Retton worked extremely hard for her well-deserved win, and the fact that it happened at the first Summer Olympics hosted in the US since 1932 made it particularly special. Retton’s win made fans around the US feel extra patriotic, and countless girls who watched her were inspired to start training in gymnastics.
Mary Lou Retton’s post-Olympics career
Following the 1984 Olympics, Mary Lou Retton was dubbed “America’s sweetheart.” She had frequent media appearances and endorsement deals, met President Ronald Reagan and was featured on a Wheaties box. While she didn’t compete in the Olympics again, she won the American Cup in 1985.
In 1986, Retton announced her retirement. As she told NBC, “I knew that I was not going to be one of those athletes that’s just hanging onto the sport and couldn’t retire… I wanted people to remember me as a winner and as a champion and not some struggling older athlete.” Following her retirement, a park and street in her hometown were named after her, and in 1997, she was inducted into the International Gymnastics Hall of Fame.
In the late ’80s and early ’90s, Retton relished her cultural icon status, appearing as herself in TV shows like Guiding Light, Knots Landing and Baywatch and movies like Scrooged and Naked Gun 33 ⅓: The Final Insult.
Mary Lou Retton’s personal life
Retton went to college at the University of Texas following her retirement, and met her future husband, quarterback turned businessman and coach Shannon Kelley. The ultra-athletic couple married in 1990 (they would divorce in 2018, after 27 years of marriage) and had four daughters, Shayla, McKenna, Skyla and Emma. Unsurprisingly, two of her daughters followed in her footsteps, with Mckenna and Emma becoming gymnasts at Louisiana State University and University of Arkansas, respectively.
In her Woman’s World interview, Retton revealed that following the births of her daughters, she dealt with arthritis and other chronic pain issues, requiring major surgeries in her 30s and 40s. As she described it, “It all started after I had all my babies. I’m a little person. I’m 4’9″, and having four babies just sucked my calcium out of me! I can remember being in my 30s with a household of little girls. We had Barbie dolls and baby dolls everywhere and I could literally not get down on the ground to play with them.” Thankfully, she was ultimately able to manage her pain and take time to care with her kids, finding relief by maintaining an active and healthy lifestyle.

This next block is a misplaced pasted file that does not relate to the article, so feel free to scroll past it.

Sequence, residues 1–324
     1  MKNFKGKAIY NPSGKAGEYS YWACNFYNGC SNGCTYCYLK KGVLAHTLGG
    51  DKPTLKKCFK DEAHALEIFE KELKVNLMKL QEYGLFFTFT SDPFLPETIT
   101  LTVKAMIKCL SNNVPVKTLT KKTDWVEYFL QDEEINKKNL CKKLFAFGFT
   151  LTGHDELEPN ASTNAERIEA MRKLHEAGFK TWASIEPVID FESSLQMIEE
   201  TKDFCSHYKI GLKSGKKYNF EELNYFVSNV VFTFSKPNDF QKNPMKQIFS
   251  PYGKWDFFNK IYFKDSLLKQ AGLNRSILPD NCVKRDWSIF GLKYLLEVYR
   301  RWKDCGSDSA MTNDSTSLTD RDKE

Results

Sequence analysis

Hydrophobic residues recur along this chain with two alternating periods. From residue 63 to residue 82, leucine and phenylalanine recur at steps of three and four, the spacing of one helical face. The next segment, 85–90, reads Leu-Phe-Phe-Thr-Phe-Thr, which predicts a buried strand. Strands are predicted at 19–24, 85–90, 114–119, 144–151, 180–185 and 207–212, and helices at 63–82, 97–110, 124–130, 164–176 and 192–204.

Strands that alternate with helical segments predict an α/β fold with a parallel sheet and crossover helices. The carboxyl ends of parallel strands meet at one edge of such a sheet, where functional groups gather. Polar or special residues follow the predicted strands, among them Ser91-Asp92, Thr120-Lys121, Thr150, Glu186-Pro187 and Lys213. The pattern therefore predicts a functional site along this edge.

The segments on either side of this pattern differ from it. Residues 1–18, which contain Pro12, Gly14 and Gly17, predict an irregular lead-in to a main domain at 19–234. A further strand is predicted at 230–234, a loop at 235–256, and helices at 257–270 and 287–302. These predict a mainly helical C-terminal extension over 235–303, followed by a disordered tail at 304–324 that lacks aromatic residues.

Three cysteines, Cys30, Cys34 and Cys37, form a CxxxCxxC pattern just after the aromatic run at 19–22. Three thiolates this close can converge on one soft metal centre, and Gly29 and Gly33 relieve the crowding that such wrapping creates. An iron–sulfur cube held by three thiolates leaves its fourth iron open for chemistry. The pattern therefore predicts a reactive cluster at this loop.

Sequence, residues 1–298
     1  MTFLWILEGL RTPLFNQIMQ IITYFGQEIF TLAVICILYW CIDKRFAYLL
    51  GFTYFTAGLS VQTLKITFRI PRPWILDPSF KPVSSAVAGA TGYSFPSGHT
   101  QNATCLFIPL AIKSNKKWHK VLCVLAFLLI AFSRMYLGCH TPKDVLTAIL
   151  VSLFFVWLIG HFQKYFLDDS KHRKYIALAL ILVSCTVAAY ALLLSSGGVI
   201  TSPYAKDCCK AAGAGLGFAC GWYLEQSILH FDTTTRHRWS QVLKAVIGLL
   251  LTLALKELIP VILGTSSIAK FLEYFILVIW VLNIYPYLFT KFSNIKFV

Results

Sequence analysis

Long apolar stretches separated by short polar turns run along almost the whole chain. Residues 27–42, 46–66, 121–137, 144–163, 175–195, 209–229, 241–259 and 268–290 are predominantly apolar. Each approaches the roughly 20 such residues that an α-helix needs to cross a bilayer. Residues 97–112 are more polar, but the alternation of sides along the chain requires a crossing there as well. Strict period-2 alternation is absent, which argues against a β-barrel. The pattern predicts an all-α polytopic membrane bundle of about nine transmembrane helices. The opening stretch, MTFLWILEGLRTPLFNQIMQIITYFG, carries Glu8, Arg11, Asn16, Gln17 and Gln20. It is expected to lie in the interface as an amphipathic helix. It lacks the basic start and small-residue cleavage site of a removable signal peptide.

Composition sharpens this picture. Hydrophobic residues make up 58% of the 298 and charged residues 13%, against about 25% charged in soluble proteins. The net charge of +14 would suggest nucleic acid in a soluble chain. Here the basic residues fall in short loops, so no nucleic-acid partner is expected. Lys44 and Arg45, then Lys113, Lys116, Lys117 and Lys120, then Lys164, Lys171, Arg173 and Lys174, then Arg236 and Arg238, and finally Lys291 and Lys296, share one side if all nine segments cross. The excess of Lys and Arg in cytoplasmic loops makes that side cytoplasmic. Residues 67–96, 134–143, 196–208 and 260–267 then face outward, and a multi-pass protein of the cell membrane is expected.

Mary Lou Retton’s recent past
The news of Retton’s hospitalization came as a shock, as she’s been keeping active in recent years. She’s been a frequent commentator for televised gymnastics, and continued to have endorsement deals and make appearances at events. In 2018, she competed on Dancing With the Stars, and lasted until week six.
In her Woman’s World interview, Retton maintained that even though she was no longer an athlete, the value of movement would never leave her. “I’ve been active my entire life,” she said. “I’ve always been a fitness ambassador even after I retired from competitive gymnastics… And I want everybody to have that healthy future like myself.”
Retton also shared some valuable advice for our readers: “I encourage people who are afraid to go out there and move — start a walking program,” she said. “Get out and walk just a couple blocks. The next day, add a little bit more. And it’s not to lose weight, it’s to be healthy. There’s a difference.” We hope and pray that Retton’s good health returns and take her advice very much to heart.